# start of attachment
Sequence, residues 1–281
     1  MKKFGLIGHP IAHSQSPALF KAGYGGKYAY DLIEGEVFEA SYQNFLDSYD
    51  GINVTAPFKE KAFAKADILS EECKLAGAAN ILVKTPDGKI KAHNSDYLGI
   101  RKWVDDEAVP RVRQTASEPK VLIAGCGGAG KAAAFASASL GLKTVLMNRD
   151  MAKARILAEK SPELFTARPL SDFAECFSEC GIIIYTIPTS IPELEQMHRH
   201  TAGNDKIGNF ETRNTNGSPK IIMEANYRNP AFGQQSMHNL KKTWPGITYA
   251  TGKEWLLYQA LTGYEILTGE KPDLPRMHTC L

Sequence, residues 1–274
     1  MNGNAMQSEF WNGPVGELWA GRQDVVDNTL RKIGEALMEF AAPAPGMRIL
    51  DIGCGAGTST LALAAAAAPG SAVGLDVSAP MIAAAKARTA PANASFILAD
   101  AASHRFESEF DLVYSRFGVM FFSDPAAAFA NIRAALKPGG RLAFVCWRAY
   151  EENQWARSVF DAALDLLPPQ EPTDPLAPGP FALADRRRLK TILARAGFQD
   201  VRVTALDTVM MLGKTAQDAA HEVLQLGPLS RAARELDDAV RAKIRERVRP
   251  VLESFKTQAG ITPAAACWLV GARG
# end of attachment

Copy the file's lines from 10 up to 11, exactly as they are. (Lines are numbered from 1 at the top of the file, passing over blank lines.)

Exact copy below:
    51  DIGCGAGTST LALAAAAAPG SAVGLDVSAP MIAAAKARTA PANASFILAD
   101  AASHRFESEF DLVYSRFGVM FFSDPAAAFA NIRAALKPGG RLAFVCWRAY